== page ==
“They say it’s a joke they say it’s a game.” The slogan was launched on the Chicago streets by the group We Charge Genocide, in the middle of a demo demanding reparations for victims of police torture. The folks on the street chanted those words, we hurled them out of our mouths in staccato bursts, while looking round at the passers-by who pretended not to notice. What the chant means is either enigmatic, or it’s painfully obvious. There is a kind of disdain that minimizes a death or a beating or a torture or a life sentence for black people in the name of lawfulness, efficiency, morality and humanist ideals. That kind of disdain has made democracy impossible in the US – and other places too.
Our group, the Compass, allowed two main tracks to run parallel for years. Bioregionalism on the one hand, minority rights and prison solidarity on the other. We were ecologists and social justice people, not the same thing but at the same time. The divide ran less between the members than inside each one, a split in a collective personality. At a meeting in the city of Madison the group decided that the split could be overcome. Political ecology begins when we say “Black Lives Matter.”
Alicia Garza, one of the founders of the movement, puts it like this: “”#BlackLivesMatter doesn’t mean your life isn’t important – it means that black lives, which are seen as without value within white supremacy, are important to your liberation.” Some would say that climate change makes every other issue pale by comparison. But black slavery, or the taking of life as a commercial object, started hundreds of years before the industrial revolution. The poisoning of the planet was built on the way our enlightened societies treat other human beings.
The objectivist poet, Matthias Regan, and the critical cartographer, Brian Holmes, put two and two together. Regan worked through hundreds of local newspaper articles, distilling social diatribe and media obfuscation into concise accounts that shock by their familiarity. Holmes situated both the poetic artefacts and the raw documentary material on a map of Midwestern watersheds, where the city of Ferguson lies at the center of the way things flow down in our region. The aim was to bear witness, at least partially and incompletely, to the names and the places and the stories of killings that have finally become unbearable, thanks to the courage of those who have created and sustained the protest movement.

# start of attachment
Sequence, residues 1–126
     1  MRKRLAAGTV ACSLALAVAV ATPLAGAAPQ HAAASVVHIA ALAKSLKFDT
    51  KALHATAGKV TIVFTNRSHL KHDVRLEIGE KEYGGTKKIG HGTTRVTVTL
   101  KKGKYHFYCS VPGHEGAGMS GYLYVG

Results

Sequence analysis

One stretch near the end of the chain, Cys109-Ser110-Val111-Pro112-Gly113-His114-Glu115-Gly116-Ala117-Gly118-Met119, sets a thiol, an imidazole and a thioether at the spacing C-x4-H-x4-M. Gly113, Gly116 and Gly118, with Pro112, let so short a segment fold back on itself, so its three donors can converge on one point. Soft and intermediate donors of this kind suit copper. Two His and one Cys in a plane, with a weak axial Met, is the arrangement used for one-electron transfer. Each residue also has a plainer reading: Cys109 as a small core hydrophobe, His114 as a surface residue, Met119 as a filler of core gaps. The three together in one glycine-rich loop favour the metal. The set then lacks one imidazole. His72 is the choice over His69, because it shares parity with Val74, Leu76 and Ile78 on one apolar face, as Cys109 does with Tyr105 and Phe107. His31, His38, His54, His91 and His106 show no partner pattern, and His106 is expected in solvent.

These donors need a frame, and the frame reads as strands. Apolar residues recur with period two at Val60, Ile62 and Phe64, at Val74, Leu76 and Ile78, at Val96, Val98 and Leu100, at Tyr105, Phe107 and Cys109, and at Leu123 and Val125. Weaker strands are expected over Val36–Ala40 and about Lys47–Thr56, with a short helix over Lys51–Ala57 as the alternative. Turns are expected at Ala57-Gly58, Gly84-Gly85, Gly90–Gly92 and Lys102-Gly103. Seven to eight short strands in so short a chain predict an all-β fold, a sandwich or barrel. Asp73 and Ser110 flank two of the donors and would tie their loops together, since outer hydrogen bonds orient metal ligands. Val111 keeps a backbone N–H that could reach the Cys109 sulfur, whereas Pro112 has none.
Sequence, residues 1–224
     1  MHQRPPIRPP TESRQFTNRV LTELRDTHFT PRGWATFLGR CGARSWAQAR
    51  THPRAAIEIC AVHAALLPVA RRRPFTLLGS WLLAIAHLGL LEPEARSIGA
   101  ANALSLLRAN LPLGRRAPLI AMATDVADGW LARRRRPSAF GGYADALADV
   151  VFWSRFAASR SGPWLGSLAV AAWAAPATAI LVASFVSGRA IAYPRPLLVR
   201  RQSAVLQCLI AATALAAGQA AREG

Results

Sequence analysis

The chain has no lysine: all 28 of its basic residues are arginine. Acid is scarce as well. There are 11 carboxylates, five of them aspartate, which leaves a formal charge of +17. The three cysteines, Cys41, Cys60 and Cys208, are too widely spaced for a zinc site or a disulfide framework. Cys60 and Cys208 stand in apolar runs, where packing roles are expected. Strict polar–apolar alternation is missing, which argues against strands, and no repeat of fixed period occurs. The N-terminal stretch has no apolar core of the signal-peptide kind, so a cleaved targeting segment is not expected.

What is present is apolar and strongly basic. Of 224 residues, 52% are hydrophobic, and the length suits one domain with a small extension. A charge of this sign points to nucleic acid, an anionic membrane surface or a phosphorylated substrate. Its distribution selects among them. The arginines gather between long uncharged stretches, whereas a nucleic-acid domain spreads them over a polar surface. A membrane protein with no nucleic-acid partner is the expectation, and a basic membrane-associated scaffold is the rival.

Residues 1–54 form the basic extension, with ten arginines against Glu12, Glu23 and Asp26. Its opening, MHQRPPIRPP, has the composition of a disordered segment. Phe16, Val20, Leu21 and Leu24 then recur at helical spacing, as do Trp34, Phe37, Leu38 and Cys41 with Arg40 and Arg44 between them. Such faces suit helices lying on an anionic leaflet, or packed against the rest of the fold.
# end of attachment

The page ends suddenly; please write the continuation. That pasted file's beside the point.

This map only makes sense if you use it to examine the current state of American society. One way to use it is to go beyond the provided media link (often the first flash report, typically from the police viewpoint). The map encourages you to explore the fragmentary and conflicting texture of knowledge about police killings. The character of the objectivist poems arises precisely from the activity of sifting through these reports, with their many voices cold as ice or warm as love. Sometimes you will be dismayed and almost paralyzed by the mayhem and violence of our impoverished neoliberal cities. Other times you will come upon the traces of ongoing struggles.
Another way to use this archive is to pay attention to the places where death is delivered. Zoom deep into the map, grab the little “Street View” man and place the dotted circle around the gun or at the tail of the shooting star icon. The reports typically give a block location, sometimes more – in any case, you’re in the area. What you will see is the everyday landscape of shootings, taserings and physical blows that have typically been considered legitimate for the police. This landscape is ubiquitous. It’s the local environment of normalized disdain that confronts black people everywhere in today’s society. It’s the banal and utterly ordinary theater of overwhelming force, whose careless excess lies equally at the root of climate change. A tiny “X” up in the right-hand corner of the image affords a welcome exit from these urban and suburban traps. You can click your way back to safety, go ahead. But this isn’t a joke, this isn’t a game. We won’t be liberated so easily.
The counting of the dead and the quest for an end to the abuse are far-reaching efforts, involving large numbers of people whose work deserves close attention. Below we list the crucial texts and database records on which our own work has been founded. Art, in this case, is not invention, it’s respect. Let everyone do what they can, or what they formerly couldn’t, for a transformed world in which black lives matter for real.
Complete book of poems
Matthias Regan, Police State
Alicia Garza, A Herstory of the #BlackLivesMatter Movement